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Tips for photographing your flower garden

Though the weather has been less then ideal the past week, many readers are probably putting in hard work taking care of their flower gardens this time of year. As you make your rounds tending to your plants, don’t forget to snap a few images of all your hard work. Here are a few tips to improve your photos.

Take advantage of this specific time of year.

One of my favorite things about living in this part of the country is experiencing all four seasons. With that said, look for sights that only occur this time of the year. Depending on what you grow around your home or what area gardens you visit, you may remember some things are unique to this time of year, such as early-blooming flowers or budding leaves. Use your knowledge to your advantage. Green is everywhere now that it is early summer and can be taken advantage of for photos. Colorful flowers pop even more when you frame your image so the colorful subject is surrounded by a background of green.

 Depth of field is another important tool for photographing plants.

Depth of field is the distance between the nearest and farthest objects in a photo that appear sharp. Setting your camera’s aperture at f/2.8 or f/4 will give you a shallower depth of field then if you had it set to f/8 or f/10. A shallower depth of field means anything in front of or behind your focused on subject will be blurry. The lower the aperture number (f/2.8 for example) the blurrier the background. Try using this when photographing a plant or garden area that doesn’t have a particularly attractive background. You can also use depth of field to bring all the attention to a certain area of your subject. Just remember the closer you get to your subject the more you will be able to showcase the depth of field. Don’t have a digital camera, but still want to enjoy the benefits of depth of field in your photos? Many phones now include a portrait mode in the camera function that mimics the effects. Try it out on your flowers instead of your selfies.

 Lighting will always be an important tool for anything you photograph.

Just like when photographing people, take advantage of the “golden hour” for your plant photos. This time happens during early morning and late afternoon when the sun is either rising or setting. The light and resulting shadows are often times most interesting during that time of the day, resulting in more interesting imagery. Play around with the sun both behind your subject and in front of it. Pay attentions to the shadows cast and use them to strengthen your photos.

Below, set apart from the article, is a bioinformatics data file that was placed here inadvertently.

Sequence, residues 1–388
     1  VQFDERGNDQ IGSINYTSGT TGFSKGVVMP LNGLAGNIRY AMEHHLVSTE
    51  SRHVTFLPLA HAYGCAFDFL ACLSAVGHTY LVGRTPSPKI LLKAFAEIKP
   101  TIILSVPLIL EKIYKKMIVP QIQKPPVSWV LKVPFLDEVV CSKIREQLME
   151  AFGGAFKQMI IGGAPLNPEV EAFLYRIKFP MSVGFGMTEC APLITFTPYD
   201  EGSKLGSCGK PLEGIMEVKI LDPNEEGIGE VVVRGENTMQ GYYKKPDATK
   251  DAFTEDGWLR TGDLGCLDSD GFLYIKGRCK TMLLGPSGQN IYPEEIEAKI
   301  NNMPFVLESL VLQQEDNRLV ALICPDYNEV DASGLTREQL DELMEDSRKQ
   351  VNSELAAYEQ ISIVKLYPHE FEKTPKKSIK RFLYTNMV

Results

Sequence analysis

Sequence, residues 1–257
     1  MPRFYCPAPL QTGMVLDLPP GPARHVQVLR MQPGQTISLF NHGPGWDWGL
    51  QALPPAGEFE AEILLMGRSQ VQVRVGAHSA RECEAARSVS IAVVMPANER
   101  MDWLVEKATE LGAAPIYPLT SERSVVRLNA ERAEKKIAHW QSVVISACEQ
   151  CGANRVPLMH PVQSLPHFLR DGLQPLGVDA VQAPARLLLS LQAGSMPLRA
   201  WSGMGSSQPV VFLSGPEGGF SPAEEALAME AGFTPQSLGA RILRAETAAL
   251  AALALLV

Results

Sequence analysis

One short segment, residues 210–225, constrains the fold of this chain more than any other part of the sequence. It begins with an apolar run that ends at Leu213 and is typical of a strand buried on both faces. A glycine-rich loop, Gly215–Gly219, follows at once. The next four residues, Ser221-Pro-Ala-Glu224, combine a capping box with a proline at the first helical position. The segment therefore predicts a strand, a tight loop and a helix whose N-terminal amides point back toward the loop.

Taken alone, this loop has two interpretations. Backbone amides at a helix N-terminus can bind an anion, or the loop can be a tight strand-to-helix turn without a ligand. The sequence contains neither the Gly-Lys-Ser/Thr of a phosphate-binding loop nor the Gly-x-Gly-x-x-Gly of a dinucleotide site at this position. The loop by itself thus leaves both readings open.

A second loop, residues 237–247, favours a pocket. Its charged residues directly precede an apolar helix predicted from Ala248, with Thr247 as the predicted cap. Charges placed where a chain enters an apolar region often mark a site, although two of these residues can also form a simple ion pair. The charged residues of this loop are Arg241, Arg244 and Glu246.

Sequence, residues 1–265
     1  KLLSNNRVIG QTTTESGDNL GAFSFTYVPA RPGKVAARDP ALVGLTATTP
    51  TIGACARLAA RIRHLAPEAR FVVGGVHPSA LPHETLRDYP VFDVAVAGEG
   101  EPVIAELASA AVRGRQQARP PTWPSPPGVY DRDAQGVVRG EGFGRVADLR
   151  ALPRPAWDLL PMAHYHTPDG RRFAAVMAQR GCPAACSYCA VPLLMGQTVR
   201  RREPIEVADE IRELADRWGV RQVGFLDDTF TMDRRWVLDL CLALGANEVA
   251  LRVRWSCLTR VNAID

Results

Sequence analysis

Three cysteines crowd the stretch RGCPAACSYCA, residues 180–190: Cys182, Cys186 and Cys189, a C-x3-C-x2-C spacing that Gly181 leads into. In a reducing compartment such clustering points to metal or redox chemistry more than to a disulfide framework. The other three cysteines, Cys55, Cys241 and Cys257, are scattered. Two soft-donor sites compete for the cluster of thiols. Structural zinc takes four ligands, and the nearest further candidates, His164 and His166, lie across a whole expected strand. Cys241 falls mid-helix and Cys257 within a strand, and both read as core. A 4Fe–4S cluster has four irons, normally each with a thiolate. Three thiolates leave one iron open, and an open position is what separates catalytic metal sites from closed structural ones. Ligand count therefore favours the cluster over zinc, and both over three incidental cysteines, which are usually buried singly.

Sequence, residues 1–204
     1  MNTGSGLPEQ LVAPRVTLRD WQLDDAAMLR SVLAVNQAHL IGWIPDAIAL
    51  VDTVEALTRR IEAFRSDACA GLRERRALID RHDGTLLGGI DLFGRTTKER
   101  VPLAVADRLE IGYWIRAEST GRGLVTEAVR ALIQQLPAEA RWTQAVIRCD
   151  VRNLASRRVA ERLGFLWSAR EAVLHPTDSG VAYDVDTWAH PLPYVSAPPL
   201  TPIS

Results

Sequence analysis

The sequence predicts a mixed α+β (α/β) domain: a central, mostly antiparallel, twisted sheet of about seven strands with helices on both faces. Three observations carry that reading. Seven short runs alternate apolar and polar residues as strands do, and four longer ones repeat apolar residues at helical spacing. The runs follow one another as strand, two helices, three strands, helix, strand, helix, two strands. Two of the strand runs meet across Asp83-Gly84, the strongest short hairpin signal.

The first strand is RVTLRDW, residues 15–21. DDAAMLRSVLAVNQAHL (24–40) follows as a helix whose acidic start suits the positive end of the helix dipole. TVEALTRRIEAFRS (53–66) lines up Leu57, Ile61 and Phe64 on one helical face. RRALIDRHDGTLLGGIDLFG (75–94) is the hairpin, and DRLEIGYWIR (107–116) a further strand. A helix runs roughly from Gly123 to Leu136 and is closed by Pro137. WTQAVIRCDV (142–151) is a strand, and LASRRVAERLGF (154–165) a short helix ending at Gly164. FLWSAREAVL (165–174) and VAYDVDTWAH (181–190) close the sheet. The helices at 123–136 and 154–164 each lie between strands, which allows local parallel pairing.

Just because you’re photographing plants or full gardens doesn’t mean you can’t incorporate other subjects. Use wildlife or even other people as secondary subjects in your image. Hands plucking petals from a beautiful flower or even a bee buzzing around a flower adds movement and life to your images, making them more visually interesting.

When snapping photos of your own flowers or even those in a neighborhood public space try to include what makes that particular scene unique. Is there an unusual sculpture in the garden, or maybe a unique shape or feature? If so, compose your image around it, using it to set your image apart.

Remembering a few of these tips and combing them will have you on your way to snapping beautiful imagery right in your back yard.

Send us your garden photos

From pretty posies to ravishing roses, a peck of perennials or a volume of vegetables, however your garden

grows, we’d love to share the bounty – so to speak – with our readers.

Send your garden photos to with the subject line “Garden Photos.” High-quality .jpg files work best.

Be sure to tell us a little about yourself, including your name and location, and give us a little information about your photo and your garden in general if you like. You can even include your secret to horticultural success.

Then look for your photos in our print editions and in our online photo galleries at

So pack your camera along with your potting soil and we’ll see you in the paper.

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